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Making Life Choices: Prepare for the Future Careers

Your Future Starts Now

All who serve in the military will at one point become a veteran, whether by retirement or separation from the service. When you become a veteran, you face new challenges with one of the most daunting decisions: what career path do I take for the rest of my life? What is available in the marketplace as veteran jobs? Much is written about what skills the former military individual brings to the civilian and government job markets. Typically, among these skills are the human values of dedication, commitment to the “mission” (job), and personal discipline.1However, one underestimated capability inculcated into service members is “planning”. The ability to effectively plan is more than a marketable competence; it is a personal asset to help deal with the transition into the veteran jobs market. An abundant set of references provide information on preparing resumes and job search strategies for the veteran; however, the pervasive and dominant theme is to acquire the appropriate educational foundation for your future.2

Securing the Foundation

With the understanding that education is an essential component to effectively acquire the veteran jobs and career opportunities, individual service members and veterans can be proactive. Education to upgrade competencies and to build new capabilities has both an immediate and a long-range payoff. A definition of “military colleges” is: “education institutions that are dedicated to military and national security studies.” Online military colleges are a critical resource for service members and veterans. The online military colleges essentially fall into two groups. One group includes military colleges that are official government programs such as online courses from the US Air Force Air University and professional military education courses from the US Army and US Navy; online study programs at these government schools are available essentially to all serving military personnel.3 The non-government online military colleges form the second group of schools; these schools offer a broader range of courses in undergraduate and graduate degree programs, with the topical emphasis for these schools being national security. As examples, the undergraduate degree programs, graduate degree programs, and academic courses include strategic security, terrorism and counterterrorism studies, intelligence, military history, corporate security, computer science, clandestine operations, and effective communications skills. The non-government programs are open to serving military, veterans, and others; various programs are available for tuition support. Furthermore, the top schools provide support and guidance to individuals pursuing veteran jobs. The veteran faces one of the most momentous life decisions in the choice of his or her career. At the same time, the veteran can take proactive steps to best prepare for that career.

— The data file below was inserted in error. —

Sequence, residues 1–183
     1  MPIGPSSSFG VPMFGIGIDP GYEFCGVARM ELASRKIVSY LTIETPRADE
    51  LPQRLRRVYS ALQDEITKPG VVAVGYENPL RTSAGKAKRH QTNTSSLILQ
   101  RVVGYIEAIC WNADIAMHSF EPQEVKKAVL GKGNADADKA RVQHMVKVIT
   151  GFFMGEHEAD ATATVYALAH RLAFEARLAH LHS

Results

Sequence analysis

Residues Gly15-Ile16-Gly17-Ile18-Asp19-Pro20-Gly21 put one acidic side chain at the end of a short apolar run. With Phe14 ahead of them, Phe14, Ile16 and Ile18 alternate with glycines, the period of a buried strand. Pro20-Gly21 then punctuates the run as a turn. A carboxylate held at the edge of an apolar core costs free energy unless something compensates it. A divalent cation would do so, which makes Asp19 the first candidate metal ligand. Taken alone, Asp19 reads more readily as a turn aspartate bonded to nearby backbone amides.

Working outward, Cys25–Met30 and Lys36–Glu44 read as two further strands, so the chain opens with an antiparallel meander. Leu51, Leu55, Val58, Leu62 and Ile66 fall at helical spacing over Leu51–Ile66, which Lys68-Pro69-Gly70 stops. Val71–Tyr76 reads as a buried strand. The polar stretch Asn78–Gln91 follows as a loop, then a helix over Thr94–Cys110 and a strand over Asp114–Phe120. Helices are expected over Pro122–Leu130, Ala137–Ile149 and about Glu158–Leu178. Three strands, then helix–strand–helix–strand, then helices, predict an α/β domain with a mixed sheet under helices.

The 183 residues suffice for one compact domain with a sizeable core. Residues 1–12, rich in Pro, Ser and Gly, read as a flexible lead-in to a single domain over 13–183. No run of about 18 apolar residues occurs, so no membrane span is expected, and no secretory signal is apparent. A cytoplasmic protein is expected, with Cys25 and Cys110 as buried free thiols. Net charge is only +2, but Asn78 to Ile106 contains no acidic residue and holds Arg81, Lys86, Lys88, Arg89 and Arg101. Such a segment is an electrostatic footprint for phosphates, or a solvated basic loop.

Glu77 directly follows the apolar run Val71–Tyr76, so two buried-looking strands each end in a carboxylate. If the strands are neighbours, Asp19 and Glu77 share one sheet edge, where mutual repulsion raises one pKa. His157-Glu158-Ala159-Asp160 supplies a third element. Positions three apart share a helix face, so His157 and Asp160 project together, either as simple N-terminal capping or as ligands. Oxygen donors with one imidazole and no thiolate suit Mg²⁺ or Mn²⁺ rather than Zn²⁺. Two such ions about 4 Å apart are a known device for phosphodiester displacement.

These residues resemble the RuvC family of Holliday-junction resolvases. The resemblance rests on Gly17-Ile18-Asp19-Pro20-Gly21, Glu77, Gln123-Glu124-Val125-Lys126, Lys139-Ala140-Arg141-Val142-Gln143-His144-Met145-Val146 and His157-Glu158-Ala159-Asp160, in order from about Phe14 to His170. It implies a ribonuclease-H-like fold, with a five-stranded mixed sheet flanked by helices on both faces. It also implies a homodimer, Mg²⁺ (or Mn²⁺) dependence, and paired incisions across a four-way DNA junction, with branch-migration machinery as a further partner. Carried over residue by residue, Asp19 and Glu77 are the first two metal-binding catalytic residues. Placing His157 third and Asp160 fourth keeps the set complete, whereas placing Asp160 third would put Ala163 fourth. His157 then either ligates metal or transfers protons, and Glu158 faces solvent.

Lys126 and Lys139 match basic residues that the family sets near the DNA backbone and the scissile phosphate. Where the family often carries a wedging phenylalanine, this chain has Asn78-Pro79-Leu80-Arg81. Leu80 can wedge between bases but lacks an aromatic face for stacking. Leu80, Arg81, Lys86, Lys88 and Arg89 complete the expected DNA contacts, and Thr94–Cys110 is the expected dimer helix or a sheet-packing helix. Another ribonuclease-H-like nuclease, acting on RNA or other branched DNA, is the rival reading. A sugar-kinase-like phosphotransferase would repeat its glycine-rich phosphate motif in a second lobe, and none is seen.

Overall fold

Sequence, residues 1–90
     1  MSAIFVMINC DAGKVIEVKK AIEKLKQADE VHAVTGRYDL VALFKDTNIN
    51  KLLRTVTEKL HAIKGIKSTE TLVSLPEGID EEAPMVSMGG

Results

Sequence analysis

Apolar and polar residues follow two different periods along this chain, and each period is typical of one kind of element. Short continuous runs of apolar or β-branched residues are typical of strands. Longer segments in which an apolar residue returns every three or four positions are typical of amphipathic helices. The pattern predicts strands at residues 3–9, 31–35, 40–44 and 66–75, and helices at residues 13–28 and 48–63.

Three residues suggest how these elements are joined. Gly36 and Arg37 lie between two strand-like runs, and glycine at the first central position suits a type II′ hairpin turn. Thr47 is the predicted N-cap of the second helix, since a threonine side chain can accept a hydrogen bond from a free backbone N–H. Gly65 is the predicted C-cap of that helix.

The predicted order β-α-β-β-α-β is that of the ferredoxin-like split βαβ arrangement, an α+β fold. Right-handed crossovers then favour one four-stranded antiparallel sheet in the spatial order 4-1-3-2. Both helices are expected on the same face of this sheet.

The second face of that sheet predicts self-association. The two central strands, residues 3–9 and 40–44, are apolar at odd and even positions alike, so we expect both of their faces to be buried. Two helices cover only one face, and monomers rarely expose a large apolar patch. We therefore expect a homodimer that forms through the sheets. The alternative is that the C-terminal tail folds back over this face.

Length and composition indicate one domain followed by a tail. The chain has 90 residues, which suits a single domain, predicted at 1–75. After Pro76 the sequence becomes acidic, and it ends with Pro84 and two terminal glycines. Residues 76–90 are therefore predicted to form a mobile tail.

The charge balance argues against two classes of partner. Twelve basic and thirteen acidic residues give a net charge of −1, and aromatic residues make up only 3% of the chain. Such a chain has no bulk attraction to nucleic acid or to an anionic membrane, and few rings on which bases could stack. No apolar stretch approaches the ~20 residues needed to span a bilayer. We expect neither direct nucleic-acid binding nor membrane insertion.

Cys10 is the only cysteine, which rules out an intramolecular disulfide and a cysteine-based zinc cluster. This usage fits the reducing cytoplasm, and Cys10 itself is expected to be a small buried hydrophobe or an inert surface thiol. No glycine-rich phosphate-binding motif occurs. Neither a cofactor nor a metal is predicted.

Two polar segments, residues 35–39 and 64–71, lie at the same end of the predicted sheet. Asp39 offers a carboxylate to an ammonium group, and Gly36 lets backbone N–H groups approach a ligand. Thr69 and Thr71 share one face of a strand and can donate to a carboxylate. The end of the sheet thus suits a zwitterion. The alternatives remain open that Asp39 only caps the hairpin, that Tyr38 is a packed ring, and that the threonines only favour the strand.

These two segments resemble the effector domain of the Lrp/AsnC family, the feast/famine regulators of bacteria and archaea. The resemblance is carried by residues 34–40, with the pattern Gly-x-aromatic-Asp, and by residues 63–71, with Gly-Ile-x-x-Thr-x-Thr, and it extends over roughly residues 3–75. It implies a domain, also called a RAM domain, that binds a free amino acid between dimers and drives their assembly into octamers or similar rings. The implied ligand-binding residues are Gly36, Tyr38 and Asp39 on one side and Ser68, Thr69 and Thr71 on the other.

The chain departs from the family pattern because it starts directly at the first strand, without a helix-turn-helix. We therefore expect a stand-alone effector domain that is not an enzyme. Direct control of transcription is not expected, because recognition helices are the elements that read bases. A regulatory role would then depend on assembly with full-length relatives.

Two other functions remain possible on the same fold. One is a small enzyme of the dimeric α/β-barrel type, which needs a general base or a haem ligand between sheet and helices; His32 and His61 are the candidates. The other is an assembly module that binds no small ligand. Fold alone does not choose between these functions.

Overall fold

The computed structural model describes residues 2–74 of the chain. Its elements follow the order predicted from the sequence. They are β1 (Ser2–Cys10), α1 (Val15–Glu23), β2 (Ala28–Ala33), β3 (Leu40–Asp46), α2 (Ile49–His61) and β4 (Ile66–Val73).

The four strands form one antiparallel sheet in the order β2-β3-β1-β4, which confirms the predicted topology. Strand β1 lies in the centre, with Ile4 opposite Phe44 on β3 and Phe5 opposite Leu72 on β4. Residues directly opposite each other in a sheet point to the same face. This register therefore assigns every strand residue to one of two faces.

Planning, Action, Success

Education is a dominant factor in the selection between candidates for a specific job position. Education indicates a foundation for a particular set of skills and level of capabilities. The type and level of education reinforces the likely fit of a job applicant for the position. However, there is another indicator in an individual’s education resume. The applicants who demonstrate the vision and fortitude to “go the extra mile” give insights in aspects of personal character that employers desire. The veteran who made the effort to obtain a Bachelor’s or Master’s degree in a relevant area of national security stands out from the candidates who did not show the same dedication.
As the veteran plans to make education one of the strong points to enter or advance in the post-military career, the selection of the “right school” is of paramount importance. Simply put, not all schools are equal. Select schools emphasize a combination of the academic theory, basic principles, and “practical application” in each area of national security education. Among the criteria for this evaluation is the composition of the faculty. The school that provides a faculty well-grounded in practical experience operating in the national security environment understands that the veteran needs an education that is sound academically and also gives the veteran student competencies that have utility in the national security job marketplace.


1. Leveraging Military Skills in the Job Market. Retrieved: www.military.com/veteran-jobs
2. Retirement for any military member. Retrieved: www.taskandpurpose.com
3. Welcome to The Air University. Retrieved: www.au.af.mil

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